Moving a toilet can improve a bathroom’s functionality and create additional space. Since bathrooms often do not make optimal use of space, moving a toilet even a few inches can make a drastic difference in the available space in a bathroom. While the task isn’t overly complicated, there are some things to consider before tackling the job.
Moving a toilet is more than just picking a spot and plunking a toilet down into it. When moving a toilet, you must relocate not only the toilet itself but also the waste line and supply line. If you are only moving the toilet a few inches, there may be some workarounds, such as installing a longer supply line tube. But, if you are moving it more than a few inches, there may be more work involved.
The wastewater moves whatever you flush into the septic tank or wastewater system. A vertical wastewater pipe is under the toilet. It uses gravity to move the water away.
Regarding the wastewater line, an offset toilet flange allows users to move the toilet a few inches in any direction without having to cut out a new hole or reconstruct the pipe. Yet with an offset flange, you may discover an exposed area in the floor where the flange was first installed, which may create a notable difference in the flooring.
It can also cause the water leaving the toilet to stop as it will be slightly diverted.
However, a new offset toilet flange and flexible supply line are easy to install. The cost is also nominal.
For a Bathroom on a Concrete Slab
To move a toilet a few inches, remove the concrete so that you can find the water and waste lines, and you will have to have the concrete foundation redone. You will not have access to the waste and waterlines otherwise. You will have to replace the subflooring, fixtures, and flooring as well.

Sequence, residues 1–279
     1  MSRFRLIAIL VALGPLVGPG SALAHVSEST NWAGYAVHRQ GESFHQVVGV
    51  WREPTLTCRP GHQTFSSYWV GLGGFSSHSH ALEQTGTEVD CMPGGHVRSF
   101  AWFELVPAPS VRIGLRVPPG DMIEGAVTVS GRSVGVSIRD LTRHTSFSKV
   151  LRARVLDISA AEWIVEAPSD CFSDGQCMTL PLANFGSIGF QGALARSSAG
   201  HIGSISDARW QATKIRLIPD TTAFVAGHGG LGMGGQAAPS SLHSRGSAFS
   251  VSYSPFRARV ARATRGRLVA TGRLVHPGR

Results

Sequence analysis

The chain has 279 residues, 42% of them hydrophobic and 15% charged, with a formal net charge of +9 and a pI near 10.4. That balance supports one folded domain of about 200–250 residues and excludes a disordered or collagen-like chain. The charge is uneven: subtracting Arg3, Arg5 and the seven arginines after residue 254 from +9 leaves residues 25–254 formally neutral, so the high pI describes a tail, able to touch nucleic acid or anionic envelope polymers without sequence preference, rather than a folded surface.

The additional steps add more cost, mess, and time to your project. It is not as simple as just moving and installing a waterline. There is more involved.
However, if you want to do a full bathroom remodel, it may be worth the investment. Experts do recommend that homeowners hire a professional to tear up the concrete slab. It requires someone with more skill and experience.
For Space Beneath a Bathroom
If there is room beneath the bathroom to work, the possibilities are greater. With a basement or crawl space situated below the first-floor bathroom, moving the toilet requires changing the location of the wastewater line and moving the waterline over.
Second-floor bathrooms may be more involved. Homeowners may need to pull down the first-floor ceiling and go into the walls to move the water lines around. The job may end up being difficult and costly, but it can be done.
How to Move a Toilet
Moving a toilet has special considerations depending on where it was installed originally, how far you want to move it, and how much space you have available. You must also consider the awkward shape of the toilet when moving it, but it can be carried very carefully.
The steps to moving a toilet are as follows:
- Develop a Plan. Decide where the toilet will go before moving it. If it is going in a bathtub temporarily, then place a sheet down to reduce the damage done to the toilet. Should you need to transport the toilet into a different area, move it before new appliances and floors are completed.